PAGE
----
This relationship to people, to place, and time has engrained in me the idea that the one constant in my life is change. And this is the core aesthetic of Meshroom. It is designed to be everchanging in its drop-in drop-out format, the choreographic structure of the event, and the improvisatory music and movement. Inviting people into a space of change can on the one hand forest unexpected connections and imagine alternative configurations; but it can also dissolve unwanted relationships or resist having a singular authority. I’m interested in how the back-and-forth and twist-and-turns can allow us to experience different modalities and relationalities, and how these multiple modes of being together can help us question norms and brew empathy with one another.

If you could create a Meshroom anywhere, where would you choose and why?

My hope is for Meshroom to travel. Even though Meshroom came out of this educational community with an aim to weave interdisciplinary connections, I have learned how it has become an effective community transformative tool that meaningfully gathers people across differences. I would love to seed this tool in different places across the globe, where there is the need, and meet a local choreographer, curator, and organizer, who would be interested in localizing the initiative in their context. As for me, I want to take it back home to Japan next. I have some wild movement and performance artists/friends that might germinate an experimental, strange, and extraordinary Meshroom in Tokyo.

Photo by John West/Trinity Communications


Why did you choose to host Meshroom on the Duke campus?

Meshroom was a project that organically came out while I was a graduate student at the Duke Dance MFA Program: Embodied Interdisciplinary Praxis. In the first semester of the program, my cohort and I were constantly investigating the rawness and richness of our bodies, exploring spirituality, transcorporeality, or transgenerational memory in each movement we made. We didn’t choreograph 8-count steps to create something for a proscenium stage; dance was a process for us to think and a practice for us to excavate and produce knowledge.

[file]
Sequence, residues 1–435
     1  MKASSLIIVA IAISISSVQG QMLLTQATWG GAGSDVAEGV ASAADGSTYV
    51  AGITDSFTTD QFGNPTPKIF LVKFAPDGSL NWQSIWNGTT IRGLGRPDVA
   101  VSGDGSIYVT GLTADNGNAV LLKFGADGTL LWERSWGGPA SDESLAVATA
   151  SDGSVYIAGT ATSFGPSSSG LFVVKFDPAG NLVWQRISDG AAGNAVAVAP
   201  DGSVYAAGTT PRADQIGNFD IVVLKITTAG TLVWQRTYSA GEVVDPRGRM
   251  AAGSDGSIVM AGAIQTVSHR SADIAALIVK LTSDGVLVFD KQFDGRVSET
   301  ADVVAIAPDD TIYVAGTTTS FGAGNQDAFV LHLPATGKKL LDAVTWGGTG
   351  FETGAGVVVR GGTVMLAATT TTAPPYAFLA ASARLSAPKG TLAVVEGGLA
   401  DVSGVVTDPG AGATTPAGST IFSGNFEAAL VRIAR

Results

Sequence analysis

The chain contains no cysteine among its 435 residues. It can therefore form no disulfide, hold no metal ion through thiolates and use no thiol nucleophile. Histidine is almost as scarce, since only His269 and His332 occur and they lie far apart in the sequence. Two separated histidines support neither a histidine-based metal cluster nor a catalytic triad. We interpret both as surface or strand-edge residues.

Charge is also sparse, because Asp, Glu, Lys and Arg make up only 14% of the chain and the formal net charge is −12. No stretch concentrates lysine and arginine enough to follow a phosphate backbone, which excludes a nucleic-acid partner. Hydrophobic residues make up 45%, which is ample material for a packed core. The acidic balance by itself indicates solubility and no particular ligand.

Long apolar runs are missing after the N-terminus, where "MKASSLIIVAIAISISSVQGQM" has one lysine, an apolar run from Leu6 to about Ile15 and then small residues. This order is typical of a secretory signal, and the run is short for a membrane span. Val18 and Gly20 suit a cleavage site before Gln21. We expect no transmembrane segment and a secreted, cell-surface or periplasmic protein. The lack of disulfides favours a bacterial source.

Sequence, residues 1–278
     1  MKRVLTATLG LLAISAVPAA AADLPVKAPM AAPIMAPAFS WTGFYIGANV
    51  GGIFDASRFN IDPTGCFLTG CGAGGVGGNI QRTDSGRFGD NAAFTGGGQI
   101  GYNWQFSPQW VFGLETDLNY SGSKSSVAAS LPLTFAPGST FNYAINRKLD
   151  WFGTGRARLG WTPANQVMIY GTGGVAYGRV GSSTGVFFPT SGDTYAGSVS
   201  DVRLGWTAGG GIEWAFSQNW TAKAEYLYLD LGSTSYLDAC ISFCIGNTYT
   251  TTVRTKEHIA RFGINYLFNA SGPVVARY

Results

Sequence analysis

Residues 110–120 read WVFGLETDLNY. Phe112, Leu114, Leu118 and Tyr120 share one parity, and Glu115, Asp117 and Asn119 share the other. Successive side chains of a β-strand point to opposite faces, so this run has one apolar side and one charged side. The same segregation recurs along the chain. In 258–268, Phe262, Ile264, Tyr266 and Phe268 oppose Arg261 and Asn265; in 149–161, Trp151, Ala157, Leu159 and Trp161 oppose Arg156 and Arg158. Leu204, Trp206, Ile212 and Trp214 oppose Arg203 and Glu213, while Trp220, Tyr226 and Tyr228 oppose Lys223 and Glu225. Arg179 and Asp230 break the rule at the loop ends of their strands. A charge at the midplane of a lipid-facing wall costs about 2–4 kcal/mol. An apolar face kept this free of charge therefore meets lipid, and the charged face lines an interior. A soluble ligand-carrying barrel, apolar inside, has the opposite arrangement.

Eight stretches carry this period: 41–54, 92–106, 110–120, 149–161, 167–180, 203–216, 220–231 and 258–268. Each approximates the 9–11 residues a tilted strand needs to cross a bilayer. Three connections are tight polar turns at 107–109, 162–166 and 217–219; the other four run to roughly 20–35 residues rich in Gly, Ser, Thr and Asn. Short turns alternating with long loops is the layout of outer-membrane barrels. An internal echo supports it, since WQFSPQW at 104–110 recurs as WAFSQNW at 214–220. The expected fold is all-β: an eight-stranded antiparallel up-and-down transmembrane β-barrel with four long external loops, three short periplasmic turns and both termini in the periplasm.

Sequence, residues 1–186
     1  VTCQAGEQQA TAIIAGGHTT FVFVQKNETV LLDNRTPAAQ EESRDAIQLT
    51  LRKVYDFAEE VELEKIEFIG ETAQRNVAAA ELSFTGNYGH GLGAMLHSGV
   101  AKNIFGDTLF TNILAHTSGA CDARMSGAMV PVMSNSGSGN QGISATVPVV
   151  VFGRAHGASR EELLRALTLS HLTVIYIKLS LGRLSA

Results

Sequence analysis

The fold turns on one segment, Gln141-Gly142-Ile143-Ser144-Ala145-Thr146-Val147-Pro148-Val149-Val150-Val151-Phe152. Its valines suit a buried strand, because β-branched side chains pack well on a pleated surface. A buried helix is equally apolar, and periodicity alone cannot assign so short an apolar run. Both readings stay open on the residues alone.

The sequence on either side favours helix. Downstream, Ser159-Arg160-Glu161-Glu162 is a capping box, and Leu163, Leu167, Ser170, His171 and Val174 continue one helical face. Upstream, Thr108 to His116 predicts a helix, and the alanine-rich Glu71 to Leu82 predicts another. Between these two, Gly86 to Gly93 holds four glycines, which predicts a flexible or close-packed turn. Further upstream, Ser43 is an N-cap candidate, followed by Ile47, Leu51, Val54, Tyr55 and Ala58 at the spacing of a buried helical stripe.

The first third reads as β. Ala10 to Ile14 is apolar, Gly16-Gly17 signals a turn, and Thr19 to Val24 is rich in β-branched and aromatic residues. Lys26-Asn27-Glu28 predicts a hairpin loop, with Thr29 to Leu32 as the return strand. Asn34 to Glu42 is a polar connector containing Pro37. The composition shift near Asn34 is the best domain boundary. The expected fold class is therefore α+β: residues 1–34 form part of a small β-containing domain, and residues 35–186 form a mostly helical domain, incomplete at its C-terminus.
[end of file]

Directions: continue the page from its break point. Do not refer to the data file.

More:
It was not long when we realized that there wasn’t a place on Duke’s campus and there weren’t many people who understood what embodied research was with all its complexity and nuances. We felt rather isolated and sometimes underestimated as a producer of knowledge within this research institution. With the encouragement from Choreographer Michael Kliën, my cohort Leo Ryan and I worked to create a space that made embodied thinking relevant to all. We wanted to gather interdisciplinary thinkers across campus and across Durham to and organize a movement environment that centers the body in how we think and perceive the world. We organized our first Meshroom in a place that was familiar to us: the graduate dance studio, The Ark.

About the Artist:

Marika Niko (she/they) is a choreographer, mover, and thinker from Japan. After being a nomad for most of her life ‒ Thailand, UK, the Netherlands, UAE, Japan ‒ she is currently based in the US. She graduated from New York University Abu Dhabi with a BA in Theater and Duke University’s Dance: Embodied interdisciplinary Praxis with an MFA in Dance. They are interested in using choreography as a tool to imagine, rehearse, and experience alternative forms of social organization. As a choreographer, curator, facilitator, and community-organizer, she creates situations that weave different relationships among humans, non-humans, space, and time. Their ongoing work Meshroom (2022 to present) proposes alternative and interdisciplinary ways of relating and thinking through dance by drawing upon two movement disciplines: social choreography and Japanese butoh.

Marika Niko is the co-founder of Meshroom along with Leo Ryan. She plays multiple roles in Meshroom: choreographer and facilitator, designer of the space, curator of the movement and visual/mix-media offerings, and an administrator.